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Human beings are inclined to "praise" the unknown, and are often afraid of the unknown. This inclination has led to the creation of mythology and many gods. To this date we are still carrying this habit on our daily lives.

  • "Oh, look at these crop circles, aliens must have created them!"
  • "Oh, he can bend the spoon! He must have psychic power!"
  • "Nah, earth must be standing over the oxen horns, otherwise it would fall down!"
  • "It makes sense! You adjust your balance with the wrist band exerting bioenergy! Here I come!"
  • "I can gain 6 pack with this Nano-Ultra-Mega-AB-Shaper. It has "nano", so it must be working, no?"
  • "Since we are surrounded by energy, some chosen ones might bend it right? We call it reiki!"
  • "Since you have a BS degree. You must be a heck of a genius! Now can you please answer this question of geography/history/so on?" (I usually encounter such questions from ignorant people. They regard me as Mr. Know it all, as they don't know what university infact is.)
  • and most striking example of all is God of the Gaps.

To further exemplify my claim, Wikipedia quotes God of the Gaps as a variant of argument from ignorance.

The term God-of-the-gaps argument can refer to a position that assumes an act of God as the explanation for an unknown phenomenon, which is a variant of an argument from ignorance.[9][10] Such an argument is sometimes reduced to the following form:

  • There is a gap in understanding of some aspect of the natural world.
  • Therefore the cause must be supernatural.

One example of such an argument, which uses God as an explanation of one of the current gaps in biological science, is as follows: "Because current science can't figure out exactly how life started, it must be God who caused life to start."

But this answer is rather specific and not satisfying for me. I think there lies a cognitive bias that drives human beings to prefer to praise/fear the unknown over showing reasoning and critical thinking when we are faced to the unknown.

Update: This scene from The Gods Must Be Crazy is spot on! Don't miss it :)

Questions

  • Does scientific research support the claims made above about the importance of this tendency to praise or fear the unknown?
  • Is there an exact term for this tendency? Is Occam's Razor the right term for this?
  • What does scientific research tell us about why humans have this tendency?
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I remember Richard Dawkins mentioning the possible evolutionary benefit of belief in "The God Delusion". It could basically be a necessity for survival. Accepting things without questioning them is essential in life, especially when growing up. Where reasoning falls short, belief can triumph. Why people are inclined to want a explanation, is quite an interesting question! –  Steven Jeuris Feb 2 '12 at 20:33
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The book the wikipedia article on "arguments from ignorance" links to looks like it might answer your question: amazon.com/How-We-Believe-2nd-Skepticism/dp/… –  Steven Jeuris Feb 2 '12 at 21:11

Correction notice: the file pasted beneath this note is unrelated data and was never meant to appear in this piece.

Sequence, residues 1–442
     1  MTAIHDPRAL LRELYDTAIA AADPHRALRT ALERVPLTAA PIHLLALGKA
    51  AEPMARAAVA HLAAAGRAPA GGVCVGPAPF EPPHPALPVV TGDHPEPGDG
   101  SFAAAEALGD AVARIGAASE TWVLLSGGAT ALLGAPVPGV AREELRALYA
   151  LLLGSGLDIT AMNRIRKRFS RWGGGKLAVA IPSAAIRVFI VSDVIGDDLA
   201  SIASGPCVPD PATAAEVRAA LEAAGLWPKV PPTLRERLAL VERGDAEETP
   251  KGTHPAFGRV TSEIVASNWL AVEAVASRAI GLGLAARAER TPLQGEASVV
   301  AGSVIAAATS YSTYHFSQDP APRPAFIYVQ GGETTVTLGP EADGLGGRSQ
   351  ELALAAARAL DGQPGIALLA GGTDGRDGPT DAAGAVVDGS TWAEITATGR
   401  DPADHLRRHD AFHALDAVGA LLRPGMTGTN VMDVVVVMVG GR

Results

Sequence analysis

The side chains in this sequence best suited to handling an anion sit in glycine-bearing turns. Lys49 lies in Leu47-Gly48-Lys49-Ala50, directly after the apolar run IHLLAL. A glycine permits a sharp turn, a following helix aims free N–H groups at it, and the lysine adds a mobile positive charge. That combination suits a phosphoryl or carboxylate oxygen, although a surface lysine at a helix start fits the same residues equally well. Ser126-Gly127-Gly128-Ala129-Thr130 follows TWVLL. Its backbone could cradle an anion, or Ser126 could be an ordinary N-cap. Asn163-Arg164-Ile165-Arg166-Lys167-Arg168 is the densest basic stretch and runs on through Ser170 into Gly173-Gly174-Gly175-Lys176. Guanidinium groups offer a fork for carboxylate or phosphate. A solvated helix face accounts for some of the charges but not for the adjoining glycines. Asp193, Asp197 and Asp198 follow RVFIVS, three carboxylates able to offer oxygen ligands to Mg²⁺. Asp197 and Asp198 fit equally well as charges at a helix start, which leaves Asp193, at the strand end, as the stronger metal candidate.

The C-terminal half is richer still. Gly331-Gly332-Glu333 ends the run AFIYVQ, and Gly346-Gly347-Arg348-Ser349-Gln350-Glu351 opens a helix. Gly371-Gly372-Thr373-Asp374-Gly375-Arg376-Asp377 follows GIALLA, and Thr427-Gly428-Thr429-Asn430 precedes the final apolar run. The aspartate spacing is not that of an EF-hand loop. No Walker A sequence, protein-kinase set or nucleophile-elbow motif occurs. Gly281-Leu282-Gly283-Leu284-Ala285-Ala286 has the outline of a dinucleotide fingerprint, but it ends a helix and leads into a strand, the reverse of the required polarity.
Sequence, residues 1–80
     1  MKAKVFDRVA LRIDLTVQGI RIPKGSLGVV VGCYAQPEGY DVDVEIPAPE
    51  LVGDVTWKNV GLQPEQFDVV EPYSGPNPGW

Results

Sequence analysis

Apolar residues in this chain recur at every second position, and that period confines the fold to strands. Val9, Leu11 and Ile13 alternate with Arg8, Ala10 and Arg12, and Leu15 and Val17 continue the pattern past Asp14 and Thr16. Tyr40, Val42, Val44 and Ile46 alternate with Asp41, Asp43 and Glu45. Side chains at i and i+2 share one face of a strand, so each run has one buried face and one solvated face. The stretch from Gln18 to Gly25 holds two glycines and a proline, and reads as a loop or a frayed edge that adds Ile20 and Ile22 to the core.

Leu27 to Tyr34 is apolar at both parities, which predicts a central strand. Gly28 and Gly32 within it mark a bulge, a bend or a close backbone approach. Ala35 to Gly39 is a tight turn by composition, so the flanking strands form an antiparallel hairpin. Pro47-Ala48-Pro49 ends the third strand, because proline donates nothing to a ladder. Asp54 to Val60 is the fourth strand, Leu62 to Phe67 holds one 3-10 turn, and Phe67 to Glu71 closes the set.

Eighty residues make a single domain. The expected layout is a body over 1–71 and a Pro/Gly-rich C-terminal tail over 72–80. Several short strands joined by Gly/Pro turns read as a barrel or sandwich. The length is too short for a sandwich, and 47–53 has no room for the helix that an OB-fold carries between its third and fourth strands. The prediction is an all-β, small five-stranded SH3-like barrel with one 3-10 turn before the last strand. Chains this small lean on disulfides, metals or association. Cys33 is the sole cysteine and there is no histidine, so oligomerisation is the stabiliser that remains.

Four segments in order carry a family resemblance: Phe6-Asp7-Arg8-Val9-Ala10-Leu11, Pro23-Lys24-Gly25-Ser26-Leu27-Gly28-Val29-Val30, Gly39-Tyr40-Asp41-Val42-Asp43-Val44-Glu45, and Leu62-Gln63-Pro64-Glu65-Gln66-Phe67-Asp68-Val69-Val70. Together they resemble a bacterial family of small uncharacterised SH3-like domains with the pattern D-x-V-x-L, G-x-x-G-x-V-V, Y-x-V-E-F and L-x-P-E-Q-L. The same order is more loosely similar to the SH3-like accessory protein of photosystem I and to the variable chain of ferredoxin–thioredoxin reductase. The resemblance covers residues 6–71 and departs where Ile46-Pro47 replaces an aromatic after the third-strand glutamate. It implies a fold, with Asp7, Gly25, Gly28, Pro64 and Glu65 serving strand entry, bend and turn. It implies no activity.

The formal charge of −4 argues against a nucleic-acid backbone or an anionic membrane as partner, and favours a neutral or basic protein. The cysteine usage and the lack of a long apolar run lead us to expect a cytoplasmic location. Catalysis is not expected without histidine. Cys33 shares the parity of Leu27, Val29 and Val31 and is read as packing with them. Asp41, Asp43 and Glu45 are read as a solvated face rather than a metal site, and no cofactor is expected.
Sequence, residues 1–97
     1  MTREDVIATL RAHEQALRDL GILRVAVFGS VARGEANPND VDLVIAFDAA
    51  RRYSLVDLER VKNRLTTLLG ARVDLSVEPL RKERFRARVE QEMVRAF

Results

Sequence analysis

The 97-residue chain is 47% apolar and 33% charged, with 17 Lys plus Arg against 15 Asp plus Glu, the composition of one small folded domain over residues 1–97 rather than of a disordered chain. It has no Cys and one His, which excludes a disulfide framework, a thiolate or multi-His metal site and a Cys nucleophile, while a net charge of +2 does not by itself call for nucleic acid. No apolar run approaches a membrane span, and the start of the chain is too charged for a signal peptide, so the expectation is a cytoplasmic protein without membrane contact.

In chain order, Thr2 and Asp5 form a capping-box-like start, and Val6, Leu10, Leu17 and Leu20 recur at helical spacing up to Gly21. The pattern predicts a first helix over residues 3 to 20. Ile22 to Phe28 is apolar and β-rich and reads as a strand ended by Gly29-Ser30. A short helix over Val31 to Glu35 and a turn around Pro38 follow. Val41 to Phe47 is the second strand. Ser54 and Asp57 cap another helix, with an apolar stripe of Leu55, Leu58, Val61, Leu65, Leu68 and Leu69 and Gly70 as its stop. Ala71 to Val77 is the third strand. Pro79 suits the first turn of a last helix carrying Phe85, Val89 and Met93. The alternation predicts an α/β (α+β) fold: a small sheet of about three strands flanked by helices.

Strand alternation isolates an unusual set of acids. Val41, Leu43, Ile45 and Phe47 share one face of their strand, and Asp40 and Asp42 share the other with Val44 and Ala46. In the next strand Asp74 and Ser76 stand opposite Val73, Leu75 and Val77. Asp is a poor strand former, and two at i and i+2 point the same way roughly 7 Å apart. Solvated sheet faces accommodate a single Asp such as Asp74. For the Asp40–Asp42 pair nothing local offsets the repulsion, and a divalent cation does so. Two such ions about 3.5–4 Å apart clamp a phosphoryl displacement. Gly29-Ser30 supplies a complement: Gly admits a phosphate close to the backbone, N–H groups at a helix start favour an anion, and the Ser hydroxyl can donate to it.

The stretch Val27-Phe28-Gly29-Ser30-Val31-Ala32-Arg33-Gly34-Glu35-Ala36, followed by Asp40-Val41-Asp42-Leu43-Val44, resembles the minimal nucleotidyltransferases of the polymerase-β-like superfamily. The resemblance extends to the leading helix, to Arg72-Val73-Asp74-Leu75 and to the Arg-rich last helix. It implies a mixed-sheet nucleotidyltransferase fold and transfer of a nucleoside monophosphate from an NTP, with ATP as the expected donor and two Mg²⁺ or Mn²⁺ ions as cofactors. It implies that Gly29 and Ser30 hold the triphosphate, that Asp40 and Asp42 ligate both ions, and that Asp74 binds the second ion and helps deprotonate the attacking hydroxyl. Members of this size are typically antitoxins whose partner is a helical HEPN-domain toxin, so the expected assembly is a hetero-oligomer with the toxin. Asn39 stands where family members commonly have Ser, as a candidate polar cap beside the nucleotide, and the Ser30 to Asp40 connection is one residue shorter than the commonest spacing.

Steven Jeuris, you changed title from "praise" to "belief" but I want to emphasize this praising/fear inclination rather than believing them as some deities' creations - the latter is the result of the former I presume. Did you watch the video link I gave above? The tribe's first encounter and they immediately praise/fear from that unknown thing - just as when we heard news about CERN: "oh I don't know what it is but it is so coool! But don't play with the nature, you will bring the apocalypse!", feear and/or praise. This is my point, not god/religion/aliens specifically. –  Comptrol Feb 2 '12 at 22:03
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'Belief' isn't restricted to just religion, but is much broader. I consider praise and fear to be only a result of belief, if you wouldn't belief, you wouldn't praise or fear. I changed the question to better reflect your ending question: "I think there lies a cognitive bias that drives human beings to prefer to praise/fear the unknown over showing reasoning and critical thinking when we are faced to the unknown. Is there an exact term for this habit of us?" –  Steven Jeuris Feb 2 '12 at 22:09
    
If you feel like the way the current question is phrased isn't going to deliver you a satisfying answer, I would suggest to create a new spin-off question. We discussed this question in chat, and this is how we interpreted your question at the moment. If you have a different one, you'll have to put some effort into defining it better, as I'm still not clear on what you are saying. Perhaps consider joining us in chat. ;p –  Steven Jeuris Feb 2 '12 at 22:15
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4 Answers

up vote 10 down vote accepted

In the book "Six Impossible Things Before Breakfast: The Evolutionary Origins of Belief", Wolpert (2007) discusses the evolutionary origins of belief.

Although I haven't read it yet, abc news reviewed the book.

Wolpert argues that our wide range of beliefs, some of which are clearly false, grew out of a uniquely human trait. Alone in the animal world, humans understand cause and effect, and that, he says, led ultimately to the invention of tools, the rapid rise of sophisticated technology, and of course, beliefs. Even the earliest humans understood that many events that shaped their lives resulted from specific causes. Therefore, there must be a cause behind every event.

...

We want to believe there is a reason for it all, and that leaves us predisposed to believe in some things for which there is little or no evidence. If a certain belief makes sense out of an otherwise senseless event, then it must be true, right?

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This is speculative, but most humans are uncomfortable with not knowing, this is the root, for example, of premature cognitive commitments and of curiosity. So many people tend to adopt any available explanation to settle the discomfort of not knowing. I think a potentially more interesting question is why so many people have trouble exchanging a belief for a better explanation, anyone who has tried explaining the reasoning behind atheism to a religious person has run into this - they accept your arguments, but continue to believe as before.